The integrity of myofibrillar and skeleton proteins could be reflected by MFI. The increase in MFI value might be related to the degradation of myonectin and concomitant actin located in the I band of myofibrillar protein sarcomere. This degradation caused myofibrils to break near the Z-line, and the myofibrils were broken into smaller fragments (McDonagh, Fernandez, & Oddy, 1999). It was found that the larger MFI values at the 24-d storage in all groups compared to that at day 0 (Fig. 3C). Moreover, the highest MFI values were observed of samples in control group during the whole storage. The MFI value of samples in the SA-SI treatment was significantly lower (P <0.05) than SAEW-SI, AOB-SI, and the control group at each storage time point. In addition, there was no significant difference in the MFI value between the SAEW-SI treatment and the AOB-SI group (P＞0.05). The lowest MFI value of the SA-SI samples indicated that the damage of myofibril protein was inhibited, which was mainly due to the combined effect of SAEW and AOB that delayed the lysis or dissolution of sarcoplasmic and myofibril protein.
The increase in TCA-soluble peptide content in the early stage might be caused by endogenous proteases, while the later increase was caused by protein degradation owing to the combined action of endogenous enzymes and microorganisms. (Rawdkuen, Jongjareonrak, Phatcharat, & Benjakul, 2010). The TCA-soluble peptide content of samples in each treatment group increased significantly with the increase of storage time (P <0.05) (Fig. 3D). In addition, the TCA-soluble peptide content of SA-SI samples was significantly lower (P <0.05) than those of SI, SAEW-SI, and AOB-SI treatment, indicating that SA-SI treatment could inhibit protein degradation.
3. 5 Surface hydrophobicity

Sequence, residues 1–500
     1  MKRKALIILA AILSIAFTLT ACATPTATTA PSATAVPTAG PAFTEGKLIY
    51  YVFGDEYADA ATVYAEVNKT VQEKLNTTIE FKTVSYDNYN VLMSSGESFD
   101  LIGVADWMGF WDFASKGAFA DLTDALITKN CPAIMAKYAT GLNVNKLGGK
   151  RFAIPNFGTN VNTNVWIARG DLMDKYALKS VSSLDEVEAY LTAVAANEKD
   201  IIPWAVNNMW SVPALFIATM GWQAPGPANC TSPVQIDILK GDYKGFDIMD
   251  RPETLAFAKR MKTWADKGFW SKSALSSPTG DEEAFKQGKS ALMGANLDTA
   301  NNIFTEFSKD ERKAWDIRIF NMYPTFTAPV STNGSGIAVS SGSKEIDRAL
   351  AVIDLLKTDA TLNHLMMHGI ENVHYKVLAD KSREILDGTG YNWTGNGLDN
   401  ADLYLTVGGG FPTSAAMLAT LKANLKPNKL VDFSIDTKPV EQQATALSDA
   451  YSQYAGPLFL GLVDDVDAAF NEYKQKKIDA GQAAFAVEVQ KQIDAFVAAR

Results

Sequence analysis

Bromophenol blue could specifically bind to myofibrils, which was considered to be a simple and reliable method for measuring surface hydrophobicity (Chelh, Gatellier, & Santé-Lhoutellier, 2006). Hydroxyl radicals promoted changes in the conformation of myofibrils, so a large number of hydrophobic groups in oxidized myofibril proteins were exposed (Lz, Ping, Yz, Jl, Qian, Hui, et al., 2019). The degree of specific binding between bromophenol blue and myofibril of samples in the SI, SAEW-SI, AOB-SI, and SA-SI group increased significantly (P <0.05) (Fig.3E) with the continuation of storage time. It might be due to the gradual expansion of myofibrillar protein molecules in fish meat during storage, resulting in the changes in the relative positions of hydrophilic and hydrophobic groups. The exposed hydrophobic amino acid residues resulted in the increased hydrophobicity of all samples. In the SI group, the content reached 123.70 μg at day 24, which was higher than those of the other three groups. Moreover, the surface hydrophobicity of SA-SI samples was significantly lower (P<0.05) than those of SAEW-SI and AOB-SI, and that of SAEW-SI samples was higher than AOB-SI samples, indicating that the combination of SAEW and AOB significantly delayed protein oxidation, and AOB might played a principal role.